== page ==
Triano broke into the NBA in 1995, working as the director of community relations for the expansion Vancouver Grizzlies. He also worked as a radio and television analyst until 2001, when the franchise relocated to Memphis.

The following season, Triano joined the Raptors staff as an assistant to Lenny Wilkens. He served as an assistant for the next two coaches, Kevin O’Neill and Sam Mitchell. In 2008, Triano became the first Canadian-born head coach in the NBA when he was named the interim replacement for Mitchell.

“Jay is a very humble guy that has paid his dues, come up through the ranks, done things the right way and treated people with respect,” Armstrong said. “He gets it and he doesn’t take himself too seriously. When you see a guy like that get the opportunity of a lifetime, you’re just so happy for him.”

Triano took over after 17 games and guided the Raptors to a 40-42 record. The team won 22 of 32 games at one point, but dealt with key injuries down the stretch and missed the playoffs by one win.

“At times on the sideline, he has a very stoic personality,” Armstrong said. “But he’s a very intense competitor and a tough guy. He knows when to be low key and knows when to be more forceful. He’s a very balanced guy, and that’s a hard thing for a coach to do in a very competitive business.”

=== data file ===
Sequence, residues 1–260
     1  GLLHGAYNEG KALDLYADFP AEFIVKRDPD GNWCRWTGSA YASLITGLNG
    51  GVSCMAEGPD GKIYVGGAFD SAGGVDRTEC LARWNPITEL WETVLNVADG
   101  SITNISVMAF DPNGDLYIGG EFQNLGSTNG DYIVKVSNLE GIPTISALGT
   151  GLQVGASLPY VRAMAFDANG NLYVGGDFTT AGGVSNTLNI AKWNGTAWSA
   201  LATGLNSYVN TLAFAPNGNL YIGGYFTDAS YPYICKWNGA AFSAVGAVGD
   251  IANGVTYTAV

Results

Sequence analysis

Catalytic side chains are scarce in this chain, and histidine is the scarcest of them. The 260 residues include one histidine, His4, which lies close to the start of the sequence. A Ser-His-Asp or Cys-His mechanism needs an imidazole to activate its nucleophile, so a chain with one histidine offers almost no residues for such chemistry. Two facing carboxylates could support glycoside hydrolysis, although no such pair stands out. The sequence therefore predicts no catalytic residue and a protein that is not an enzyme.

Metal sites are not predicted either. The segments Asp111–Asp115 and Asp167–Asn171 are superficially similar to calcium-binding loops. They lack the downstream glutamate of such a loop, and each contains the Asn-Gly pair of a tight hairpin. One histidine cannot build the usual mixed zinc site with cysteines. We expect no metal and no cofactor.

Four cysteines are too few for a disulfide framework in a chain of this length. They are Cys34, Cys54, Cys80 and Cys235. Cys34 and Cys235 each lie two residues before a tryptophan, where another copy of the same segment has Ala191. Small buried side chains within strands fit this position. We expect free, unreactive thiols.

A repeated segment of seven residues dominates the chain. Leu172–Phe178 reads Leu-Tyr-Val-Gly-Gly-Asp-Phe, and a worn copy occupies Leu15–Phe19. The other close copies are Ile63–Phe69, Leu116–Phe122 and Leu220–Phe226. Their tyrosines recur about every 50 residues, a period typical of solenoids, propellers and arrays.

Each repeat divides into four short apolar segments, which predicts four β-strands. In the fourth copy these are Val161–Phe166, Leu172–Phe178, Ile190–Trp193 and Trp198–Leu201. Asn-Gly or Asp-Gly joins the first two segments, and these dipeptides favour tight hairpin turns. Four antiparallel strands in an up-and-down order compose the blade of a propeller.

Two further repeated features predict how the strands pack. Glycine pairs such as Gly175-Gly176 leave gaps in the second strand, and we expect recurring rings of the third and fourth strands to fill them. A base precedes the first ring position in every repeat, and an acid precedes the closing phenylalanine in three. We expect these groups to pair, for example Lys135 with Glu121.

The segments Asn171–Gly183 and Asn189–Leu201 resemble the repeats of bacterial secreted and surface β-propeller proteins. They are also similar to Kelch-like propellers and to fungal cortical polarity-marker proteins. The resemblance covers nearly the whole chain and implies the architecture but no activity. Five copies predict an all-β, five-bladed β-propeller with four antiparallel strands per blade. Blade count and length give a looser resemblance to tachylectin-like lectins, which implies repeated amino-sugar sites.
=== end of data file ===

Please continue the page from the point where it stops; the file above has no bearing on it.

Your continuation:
Triano received a three-year contract extension in 2009. In his first full season on the sideline, the Raptors were six games above .500 and fifth in the Eastern Conference standings in early March. An injury to franchise forward Chris Bosh coincided with a late-season demise, and the Raptors once again missed the playoffs by one spot.

After the season, Bosh left Toronto to take his talents to South Beach, and the Raptors suddenly entered a rebuilding phase. Management has established that making the playoffs this season is a secondary priority to developing the young talent base. Starting point guard Jarrett Jack was recently traded for a prospect, Jerryd Bayless. Entering today’s home game against the Knicks, the Raptors are 8-11, having won two straight.

“He’s in a difficult situation right now, but it fits his personality,” Armstrong said. “He’s demanding, yet he’s patient. When you have young players, they are going to tick you off a lot because they aren’t going to get it, how hard you have to play every possession and a lot of the little things. At times you want to lash out and at times you need to lash out, but he does it in a way that he doesn’t lose them.”

Triano said the coaching he received when he was a young player who still didn’t get it has guided him through a career that has already been enshrined in the Canadian Basketball, Canadian Olympic, Basketball British Columbia, Basketball Ontario, Simon Fraser Athletic and Niagara Falls Halls of Fame.

“It all happened for me in Niagara Falls,” Triano said. “If it hadn’t been for a good high school program and all the people that helped me, it all wouldn’t have happened.”

Contact reporter Jonah Bronstein at 282-2311, ext. 2258.